An important concept to derive from this chapter is the idea that what we know about the spiritual realm we know from tradition. What does this mean?
The pages of the Bible do not give us much detailed information about the worlds of spiritual forces, angels, demons, etc. From the opening story of Creation through the rest of the Torah, the prophets and the "New Testament," the spiritual realm, its inhabitants and powers are mentioned in a way that assumes a pre-existing knowledge.
Some instances of Scriptural reference to the spiritual realm include:
(An important example of tradition involves the idea of "The Messiah." Many Christian teachings speak of "Jesus fulfilling several hundred Messianic Prophecies of the Old Testament." The difficulty with this however, is that "The Messiah" is nowhere mentioned anywhere in the "Old Testament" (Tenakh). Jewish teachings about "The Messiah" come from Oral Tradition [and there is no one definitive opinion]. When the writers of the New Testament make messianic claims about Yeshua, they are expressing their view of an Oral Tradition of their day.)
There are other overt references besides the above list, as well as allusions to the spiritual realm. However, throughout Scripture, we are given little if any detailed explanation about these things. This is not saying that Scripture deems the spiritual realm and its inhabitants unimportant, as they are quite significant. However, the written Scriptures do not give us much information regarding the "who, what, why, where and how," of these things.
For the student of Scripture, this leads to an important question. Are we free to "invent" our own approach and answers to the questions regarding these matters or is there a tradition to guide us?
The Hebraic tradition (as Ramchal teaches) is grounded in an unbroken chain of transmission going back well before the time of Yeshua. This includes not only the "Oral Torah" given to Moses and developed since Sinai, but even other teachings that are said to go back to Abraham and some to Adam himself. (i.e., What was Enoch teaching everyone?)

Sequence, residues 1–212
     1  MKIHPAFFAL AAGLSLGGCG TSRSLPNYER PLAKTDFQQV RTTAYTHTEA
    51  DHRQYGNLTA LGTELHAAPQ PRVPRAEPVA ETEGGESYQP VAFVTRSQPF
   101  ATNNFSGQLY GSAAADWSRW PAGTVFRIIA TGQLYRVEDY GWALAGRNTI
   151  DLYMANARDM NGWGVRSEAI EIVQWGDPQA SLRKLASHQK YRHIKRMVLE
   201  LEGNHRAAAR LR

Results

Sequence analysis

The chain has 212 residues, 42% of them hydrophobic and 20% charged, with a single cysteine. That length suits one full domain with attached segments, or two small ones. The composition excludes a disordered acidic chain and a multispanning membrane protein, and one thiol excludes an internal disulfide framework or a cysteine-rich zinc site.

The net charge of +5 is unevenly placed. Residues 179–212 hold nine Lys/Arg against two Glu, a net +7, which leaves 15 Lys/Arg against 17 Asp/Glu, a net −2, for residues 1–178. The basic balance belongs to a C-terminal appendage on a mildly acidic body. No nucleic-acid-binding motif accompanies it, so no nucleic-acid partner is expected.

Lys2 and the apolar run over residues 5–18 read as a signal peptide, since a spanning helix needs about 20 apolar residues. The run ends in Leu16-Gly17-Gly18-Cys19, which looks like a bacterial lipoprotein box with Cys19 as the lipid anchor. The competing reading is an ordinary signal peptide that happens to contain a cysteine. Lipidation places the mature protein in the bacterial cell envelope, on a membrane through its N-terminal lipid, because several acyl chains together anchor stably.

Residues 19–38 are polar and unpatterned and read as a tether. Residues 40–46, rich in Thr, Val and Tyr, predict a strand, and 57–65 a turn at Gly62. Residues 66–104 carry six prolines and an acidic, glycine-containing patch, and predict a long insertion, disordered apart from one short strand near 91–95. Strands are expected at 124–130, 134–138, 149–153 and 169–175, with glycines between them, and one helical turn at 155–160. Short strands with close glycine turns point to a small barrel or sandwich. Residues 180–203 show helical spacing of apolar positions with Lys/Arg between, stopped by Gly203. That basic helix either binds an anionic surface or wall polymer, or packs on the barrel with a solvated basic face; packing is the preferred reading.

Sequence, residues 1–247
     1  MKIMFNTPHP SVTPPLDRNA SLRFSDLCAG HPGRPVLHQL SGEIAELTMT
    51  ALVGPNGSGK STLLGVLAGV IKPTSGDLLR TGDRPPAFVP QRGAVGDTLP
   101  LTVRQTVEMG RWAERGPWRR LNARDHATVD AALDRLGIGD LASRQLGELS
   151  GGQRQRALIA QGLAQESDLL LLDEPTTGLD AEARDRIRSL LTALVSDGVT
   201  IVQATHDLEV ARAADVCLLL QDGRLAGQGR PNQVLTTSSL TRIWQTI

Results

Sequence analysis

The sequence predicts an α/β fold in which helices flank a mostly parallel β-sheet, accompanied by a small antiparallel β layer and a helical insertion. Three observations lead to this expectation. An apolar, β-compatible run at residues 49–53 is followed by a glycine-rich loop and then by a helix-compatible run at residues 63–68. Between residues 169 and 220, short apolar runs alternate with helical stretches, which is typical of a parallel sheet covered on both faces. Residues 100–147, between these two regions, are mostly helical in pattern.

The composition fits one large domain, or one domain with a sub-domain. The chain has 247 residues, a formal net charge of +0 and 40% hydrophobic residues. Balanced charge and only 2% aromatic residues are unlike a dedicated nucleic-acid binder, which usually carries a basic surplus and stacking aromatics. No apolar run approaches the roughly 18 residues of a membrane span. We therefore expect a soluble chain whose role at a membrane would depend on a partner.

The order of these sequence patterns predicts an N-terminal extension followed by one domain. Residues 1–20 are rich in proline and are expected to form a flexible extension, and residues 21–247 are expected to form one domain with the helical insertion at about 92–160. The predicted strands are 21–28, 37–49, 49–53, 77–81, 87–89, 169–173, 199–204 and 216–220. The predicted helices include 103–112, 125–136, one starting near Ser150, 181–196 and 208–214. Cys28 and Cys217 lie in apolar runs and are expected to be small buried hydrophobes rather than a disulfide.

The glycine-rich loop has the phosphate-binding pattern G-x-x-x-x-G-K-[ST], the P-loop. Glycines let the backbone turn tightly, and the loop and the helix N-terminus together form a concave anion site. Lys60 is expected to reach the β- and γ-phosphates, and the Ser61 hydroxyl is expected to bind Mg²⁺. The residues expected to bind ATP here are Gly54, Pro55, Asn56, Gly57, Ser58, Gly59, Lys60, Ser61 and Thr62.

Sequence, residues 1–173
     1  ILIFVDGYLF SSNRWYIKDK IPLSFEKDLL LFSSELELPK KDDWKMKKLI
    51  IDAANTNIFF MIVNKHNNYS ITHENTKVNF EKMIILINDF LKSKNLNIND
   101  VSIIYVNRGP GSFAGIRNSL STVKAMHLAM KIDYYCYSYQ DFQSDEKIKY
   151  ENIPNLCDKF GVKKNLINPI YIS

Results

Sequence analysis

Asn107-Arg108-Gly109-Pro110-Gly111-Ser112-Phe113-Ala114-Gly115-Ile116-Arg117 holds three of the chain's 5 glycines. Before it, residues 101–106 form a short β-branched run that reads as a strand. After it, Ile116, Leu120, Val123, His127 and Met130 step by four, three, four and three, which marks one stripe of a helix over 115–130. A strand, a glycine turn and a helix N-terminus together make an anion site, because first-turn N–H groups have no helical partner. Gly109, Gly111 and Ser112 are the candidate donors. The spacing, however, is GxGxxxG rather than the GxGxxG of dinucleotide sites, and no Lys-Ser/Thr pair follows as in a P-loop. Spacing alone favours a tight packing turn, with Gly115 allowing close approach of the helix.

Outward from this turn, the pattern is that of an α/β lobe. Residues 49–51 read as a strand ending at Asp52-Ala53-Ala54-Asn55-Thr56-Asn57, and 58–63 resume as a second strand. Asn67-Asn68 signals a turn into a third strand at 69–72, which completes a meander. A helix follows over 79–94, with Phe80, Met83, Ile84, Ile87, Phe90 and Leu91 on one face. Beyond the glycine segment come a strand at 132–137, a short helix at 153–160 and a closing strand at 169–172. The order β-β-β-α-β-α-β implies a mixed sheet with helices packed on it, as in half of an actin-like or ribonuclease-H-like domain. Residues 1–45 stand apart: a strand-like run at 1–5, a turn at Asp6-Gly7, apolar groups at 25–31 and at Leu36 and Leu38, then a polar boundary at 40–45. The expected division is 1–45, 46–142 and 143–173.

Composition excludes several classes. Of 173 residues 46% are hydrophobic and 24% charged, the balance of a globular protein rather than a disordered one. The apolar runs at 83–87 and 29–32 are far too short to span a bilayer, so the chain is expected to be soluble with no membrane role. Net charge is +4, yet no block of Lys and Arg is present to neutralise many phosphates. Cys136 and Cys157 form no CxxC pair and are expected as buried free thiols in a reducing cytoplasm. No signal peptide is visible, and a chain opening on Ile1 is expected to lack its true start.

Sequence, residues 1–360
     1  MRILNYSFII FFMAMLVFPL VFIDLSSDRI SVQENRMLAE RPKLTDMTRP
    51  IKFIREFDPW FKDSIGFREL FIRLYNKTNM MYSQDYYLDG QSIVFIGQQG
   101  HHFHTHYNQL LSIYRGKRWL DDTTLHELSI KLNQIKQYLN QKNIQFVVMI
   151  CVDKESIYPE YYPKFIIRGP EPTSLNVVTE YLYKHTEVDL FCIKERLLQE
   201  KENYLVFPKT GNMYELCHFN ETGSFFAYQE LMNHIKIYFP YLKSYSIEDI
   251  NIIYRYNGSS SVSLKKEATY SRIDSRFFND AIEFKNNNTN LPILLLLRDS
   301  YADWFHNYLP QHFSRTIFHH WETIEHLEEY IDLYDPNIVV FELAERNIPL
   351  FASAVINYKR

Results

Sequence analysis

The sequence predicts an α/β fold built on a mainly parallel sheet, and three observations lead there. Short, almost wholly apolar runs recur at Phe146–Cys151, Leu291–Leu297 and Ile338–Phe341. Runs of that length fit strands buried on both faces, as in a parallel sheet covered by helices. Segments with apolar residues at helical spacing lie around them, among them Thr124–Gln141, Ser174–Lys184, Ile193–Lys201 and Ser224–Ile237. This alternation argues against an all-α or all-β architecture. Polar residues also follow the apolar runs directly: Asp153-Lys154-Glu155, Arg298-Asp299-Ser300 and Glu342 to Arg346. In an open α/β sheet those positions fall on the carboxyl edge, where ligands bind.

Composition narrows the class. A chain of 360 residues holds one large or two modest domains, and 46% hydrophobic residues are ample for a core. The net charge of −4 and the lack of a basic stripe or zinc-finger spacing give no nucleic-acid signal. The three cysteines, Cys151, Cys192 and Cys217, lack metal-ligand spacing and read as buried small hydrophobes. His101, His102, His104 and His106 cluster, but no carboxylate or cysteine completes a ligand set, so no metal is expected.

The pages of the Talmud as well as the Dead Sea Scrolls show well-developed ideas concerning the spiritual realm from the period just prior to Yeshua. It is such a tradition that the authors and characters of both the Tenakh and the New Testament draw from.
As an advisory, many of the ideas presented by Ramchal (here and in subsequent chapters) as well as other we will mention (also from Judaism), will not correspond to those in the Christian tradition. When they differ, one must ask, from where does Christianity draw its ideas? For instance, there are churches today that not only have teachings about the dark side of the spiritual realm, but also how to come against it. (Delivering people from demons, etc.)
These Christian concepts and methods came about long after the early Messianic (Nazarene) communities were obliterated by the Romans. At times they differ greatly from what the Jews of Yeshuas time believed. As a simple example, many churches teach that demons are the "fallen angels." That is the "Christian Tradition" regarding this topic. As Ramchal states, demons and angels are very different types of entities. That is the Jewish tradition.
More on Tradition and the Oral Torah
Many people feel that the written Bible does not need an Oral Tradition to go along with it. After all, if its in writing, isnt that the best method to convey the information from generation to generation?
Rabbi Aryeh Kaplan speaks about this in his "Handbook of Jewish Thought" (Moznaim 1979):
Ramchal elaborates on the spiritual "forces" saying that these were the first things created. This idea parallels modern science regarding the physical universe, which teaches that there are four fundamental forces (i.e., gravity, electro-magnetism, the weak force and the strong force).
This is reflected in the creation account of Genesis. Many critics of the Bible point to inconsistencies with the first three books of Genesis. These are resolved when one understands how creation "unfolded" as follows:
Genesis chapter 1 is an account of creation at the level of these forces (Beriah). "Adam" at this point is a single "spiritual being" made up of both the male and female aspects of the image of God in which he was created. The "plants" and "animals" discussed in Genesis 1 also exist in this state. Note how Genesis 1:26-30 describes the creation of man, yet this seems to be repeated in Genesis 2:7. Further, Genesis 1:11-12 tells us that plant life "exists" yet in Genesis 2:4-5 we are given a summary statement that no vegetable matter was yet present, as God had not caused it to "rain upon the earth yet."